4 years ago1,000+ Views
Recent findings presented by the NPR have found that students in the public school system in NYC have higher success rates as far as graduating and college admissions go. The multi-year study found the following rates between the test and control groups: --The proportion of students who graduated from these high schools in four years and enrolled the next year in a post-secondary institution was 8.4% higher than in the control group, 49& -- 11.3% college enrollment by black males, a 36% increase over the control. -- Lower cost / graduate: 14 to 16% lower Still, there are questions to be asked: were the higher success rates simply based on size? I think not: even though these rates came out of students grades with less than 100 people per grade, the schools involved in the study were set up in a specific way, and were also schools receiving funding from outside sources. It is the overall environment--the attitude, the size, the funding, etc.--that led to these results, not just the size. Small high schools comprised of students with similar educational needs and goals will be much more successful than small high schools where the students are randomly assigned, with no basis for planning course offerings or forming a community: let's hope that in the future of education, we can plan small school education in a successful way!
@greggr although I'm biased to me this always comes back to the teachers. We need the right training and compensation in order to do our jobs effectively. Of course a huge part is also the administration, but hiring talented teachers, paying them good wages, and places them with small groups of students selected for specific programs would do wonders for advancing our education system.
@onesmile I think everyone has to choose their own style, but I think you're right: that size can be the perfect one. @nehapatel It was conducted by a foundation associated with the Bill Gates Foundation, but I still think there is a lot of value in what they found. @pixiedust Exactly! My mother went to school of only 10 students in her class (of course, this was a long, long time ago) but she felt stunted by the low number, not helped. I can see the same happening today.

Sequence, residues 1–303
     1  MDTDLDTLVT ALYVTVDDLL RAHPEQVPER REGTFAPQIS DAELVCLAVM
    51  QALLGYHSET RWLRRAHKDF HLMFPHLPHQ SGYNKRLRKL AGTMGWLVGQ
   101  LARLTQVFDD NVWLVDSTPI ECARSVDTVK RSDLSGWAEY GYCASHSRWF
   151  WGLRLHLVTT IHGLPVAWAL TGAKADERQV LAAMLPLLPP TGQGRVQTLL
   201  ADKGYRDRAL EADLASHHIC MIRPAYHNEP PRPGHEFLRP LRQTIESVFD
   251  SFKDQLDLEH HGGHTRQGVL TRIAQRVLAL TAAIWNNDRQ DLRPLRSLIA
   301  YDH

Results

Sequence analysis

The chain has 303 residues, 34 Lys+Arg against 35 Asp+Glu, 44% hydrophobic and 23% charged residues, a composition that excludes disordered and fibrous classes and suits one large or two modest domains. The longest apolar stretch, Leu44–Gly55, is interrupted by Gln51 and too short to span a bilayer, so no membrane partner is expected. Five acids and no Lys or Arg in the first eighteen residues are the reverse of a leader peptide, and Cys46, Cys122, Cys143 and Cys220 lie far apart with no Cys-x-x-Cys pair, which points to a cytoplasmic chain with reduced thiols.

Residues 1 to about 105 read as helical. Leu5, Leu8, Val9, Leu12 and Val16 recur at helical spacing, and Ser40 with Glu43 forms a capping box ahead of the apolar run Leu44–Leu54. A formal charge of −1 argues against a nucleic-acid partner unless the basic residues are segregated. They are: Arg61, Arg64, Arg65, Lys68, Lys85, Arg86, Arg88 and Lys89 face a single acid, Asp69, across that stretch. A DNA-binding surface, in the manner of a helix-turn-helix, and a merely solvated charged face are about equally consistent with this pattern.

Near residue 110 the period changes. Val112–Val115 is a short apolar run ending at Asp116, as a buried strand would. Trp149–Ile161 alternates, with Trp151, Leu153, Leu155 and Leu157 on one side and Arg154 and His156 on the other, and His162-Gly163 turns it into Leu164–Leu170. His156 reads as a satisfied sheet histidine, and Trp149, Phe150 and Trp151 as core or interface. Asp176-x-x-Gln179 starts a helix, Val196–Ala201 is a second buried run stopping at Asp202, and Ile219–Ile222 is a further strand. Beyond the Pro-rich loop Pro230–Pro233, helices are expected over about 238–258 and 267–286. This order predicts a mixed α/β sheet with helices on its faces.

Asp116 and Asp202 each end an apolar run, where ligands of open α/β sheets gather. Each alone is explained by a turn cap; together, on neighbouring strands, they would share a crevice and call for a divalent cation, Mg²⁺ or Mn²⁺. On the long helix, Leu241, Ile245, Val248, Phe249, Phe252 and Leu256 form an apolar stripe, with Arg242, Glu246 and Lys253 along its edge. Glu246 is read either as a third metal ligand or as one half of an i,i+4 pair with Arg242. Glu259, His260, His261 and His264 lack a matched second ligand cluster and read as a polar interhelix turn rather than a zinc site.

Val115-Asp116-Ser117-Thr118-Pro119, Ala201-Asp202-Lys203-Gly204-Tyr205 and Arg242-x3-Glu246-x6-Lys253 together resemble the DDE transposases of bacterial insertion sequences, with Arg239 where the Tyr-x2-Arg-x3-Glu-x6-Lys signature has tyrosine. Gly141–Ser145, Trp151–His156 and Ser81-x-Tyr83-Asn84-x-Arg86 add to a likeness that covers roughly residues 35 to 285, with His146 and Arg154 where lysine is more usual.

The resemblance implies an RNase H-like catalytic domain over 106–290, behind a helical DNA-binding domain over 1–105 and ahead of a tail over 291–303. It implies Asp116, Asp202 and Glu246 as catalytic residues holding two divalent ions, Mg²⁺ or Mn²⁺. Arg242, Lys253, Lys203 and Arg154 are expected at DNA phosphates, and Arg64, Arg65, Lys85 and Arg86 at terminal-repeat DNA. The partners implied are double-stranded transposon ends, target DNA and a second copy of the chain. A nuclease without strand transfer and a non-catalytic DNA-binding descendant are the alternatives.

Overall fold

@greggr an excellent point, as everything does seem to come down to that "bottom line" of how to pay for it. Unfortunately I really don't know how to make these necessary changes financially viable. A good first step in my opinion is the debt forgiveness available to graduates who work in public service areas, including working in public schools. Getting qualified teachers in the classroom is the first step, and part of how to do that has to be making that education easier to pay for. Oh I'm sorry, I'm going off on a different tangent here haha. The point of all of this is it's a very complicated issue and I wish I had some better answers.
@pixiedust We all do. And hopefully, someday we will have better answers.
@pixiedust It definitely would, but I wonder if the educational system as it stands can actually afford to bear the stress of doing so. Of course, it can't afford to bear the stress of not doing so, either, so where do we stand?
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